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Environmental Crisis

Earth HappyIn the closing decades of the 20th Century, particularly from the 1950s up, there has been a growing awareness of the environmental damage being caused by air pollution, particularly coming from the burning of fossil fuels* although this crisis has its origins in the dawn of the Industrial Revolution. In the agricultural periods, air pollution was not much of an issue except when there was a big smoky fire (natural or manmade) that would pose a breathing hazard or at the least, an annoyance to the neighbors, but there was no lasting environmental damage, as the earth's then-overwhelmingly many green living plants would quickly absorb the carbon dioxide content and make fresh air. Also, wood was generally used for cooking and heating which did not produce anything near the harmful gases that burning fossil fuels do today and chemical compounds in wood smoke has even been found to have beneficial antibacterial properties.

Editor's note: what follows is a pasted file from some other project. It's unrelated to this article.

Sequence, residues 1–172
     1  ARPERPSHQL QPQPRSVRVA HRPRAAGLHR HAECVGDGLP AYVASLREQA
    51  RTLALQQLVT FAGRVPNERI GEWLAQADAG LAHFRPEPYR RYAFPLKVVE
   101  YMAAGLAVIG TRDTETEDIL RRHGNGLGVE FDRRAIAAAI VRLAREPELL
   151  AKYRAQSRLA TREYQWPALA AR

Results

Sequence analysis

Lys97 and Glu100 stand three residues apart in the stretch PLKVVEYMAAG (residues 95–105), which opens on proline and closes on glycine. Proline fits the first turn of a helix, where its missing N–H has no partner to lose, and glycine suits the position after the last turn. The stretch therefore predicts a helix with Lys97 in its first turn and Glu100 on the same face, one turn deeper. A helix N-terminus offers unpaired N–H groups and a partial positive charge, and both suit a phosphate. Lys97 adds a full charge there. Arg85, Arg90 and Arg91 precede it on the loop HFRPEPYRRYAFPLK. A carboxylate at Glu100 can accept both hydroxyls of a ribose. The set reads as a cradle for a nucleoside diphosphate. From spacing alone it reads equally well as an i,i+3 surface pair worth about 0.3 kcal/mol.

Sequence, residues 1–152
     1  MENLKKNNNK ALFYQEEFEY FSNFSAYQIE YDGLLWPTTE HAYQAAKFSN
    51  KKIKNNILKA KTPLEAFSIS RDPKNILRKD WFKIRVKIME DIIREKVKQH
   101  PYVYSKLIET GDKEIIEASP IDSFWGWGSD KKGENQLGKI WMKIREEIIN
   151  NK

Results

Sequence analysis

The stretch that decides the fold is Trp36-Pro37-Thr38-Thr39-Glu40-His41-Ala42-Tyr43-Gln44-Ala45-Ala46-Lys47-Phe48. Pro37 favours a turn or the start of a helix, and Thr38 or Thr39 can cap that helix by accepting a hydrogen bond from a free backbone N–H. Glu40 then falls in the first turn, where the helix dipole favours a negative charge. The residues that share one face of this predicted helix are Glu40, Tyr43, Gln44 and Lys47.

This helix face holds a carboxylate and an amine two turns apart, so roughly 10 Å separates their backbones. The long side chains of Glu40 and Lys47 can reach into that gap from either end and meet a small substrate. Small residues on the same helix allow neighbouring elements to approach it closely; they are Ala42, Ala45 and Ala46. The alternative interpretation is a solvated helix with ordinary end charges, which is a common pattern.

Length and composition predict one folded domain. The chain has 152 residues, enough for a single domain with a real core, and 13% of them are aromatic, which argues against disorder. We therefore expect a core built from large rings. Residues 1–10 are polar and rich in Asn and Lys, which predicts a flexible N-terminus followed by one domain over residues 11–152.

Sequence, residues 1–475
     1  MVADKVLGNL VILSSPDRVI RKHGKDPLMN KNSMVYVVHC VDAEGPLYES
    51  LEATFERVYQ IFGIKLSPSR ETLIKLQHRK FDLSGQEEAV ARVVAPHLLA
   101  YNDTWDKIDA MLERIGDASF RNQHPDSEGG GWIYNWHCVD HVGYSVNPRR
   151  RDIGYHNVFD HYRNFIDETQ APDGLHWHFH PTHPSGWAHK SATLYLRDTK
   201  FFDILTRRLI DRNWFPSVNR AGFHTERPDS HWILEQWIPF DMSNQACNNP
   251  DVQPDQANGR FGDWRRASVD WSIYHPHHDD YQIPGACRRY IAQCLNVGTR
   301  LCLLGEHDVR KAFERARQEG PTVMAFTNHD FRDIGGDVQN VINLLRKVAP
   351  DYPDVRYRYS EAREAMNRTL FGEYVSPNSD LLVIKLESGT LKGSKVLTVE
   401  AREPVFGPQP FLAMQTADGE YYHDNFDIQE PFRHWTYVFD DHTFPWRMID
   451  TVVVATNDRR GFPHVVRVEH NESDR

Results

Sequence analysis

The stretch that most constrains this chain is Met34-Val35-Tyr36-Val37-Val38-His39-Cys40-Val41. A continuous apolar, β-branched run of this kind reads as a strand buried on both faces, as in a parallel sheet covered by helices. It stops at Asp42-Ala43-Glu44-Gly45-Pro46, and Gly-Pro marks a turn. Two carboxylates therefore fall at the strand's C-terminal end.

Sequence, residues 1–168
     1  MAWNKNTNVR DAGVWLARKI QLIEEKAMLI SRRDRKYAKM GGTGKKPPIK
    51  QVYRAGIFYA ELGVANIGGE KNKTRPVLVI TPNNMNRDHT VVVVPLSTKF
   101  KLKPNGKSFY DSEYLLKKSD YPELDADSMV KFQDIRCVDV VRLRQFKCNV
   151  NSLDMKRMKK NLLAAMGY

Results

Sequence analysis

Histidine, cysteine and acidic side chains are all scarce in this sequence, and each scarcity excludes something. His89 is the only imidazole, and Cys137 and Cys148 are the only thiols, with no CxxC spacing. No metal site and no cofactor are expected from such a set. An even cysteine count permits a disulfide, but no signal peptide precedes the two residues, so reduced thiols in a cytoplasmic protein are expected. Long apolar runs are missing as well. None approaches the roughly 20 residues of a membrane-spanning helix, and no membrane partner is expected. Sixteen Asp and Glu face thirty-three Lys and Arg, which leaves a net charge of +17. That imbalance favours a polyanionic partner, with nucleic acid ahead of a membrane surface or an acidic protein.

*Fossil fuels refer to the minerals such as coal, oil and natural gas extracted from deep underground which are from the fossilized remains of once-living organisms transformed into fuel substances by millions of years of tremendous heat and pressure in the earth's crust. These are considered non-renewable resources because it gets consumed by us many times faster than it will take the earth to make more of these. These do not include nuclear fuels like Uranium and Deuterium which are of cosmic origins predating the planet itself.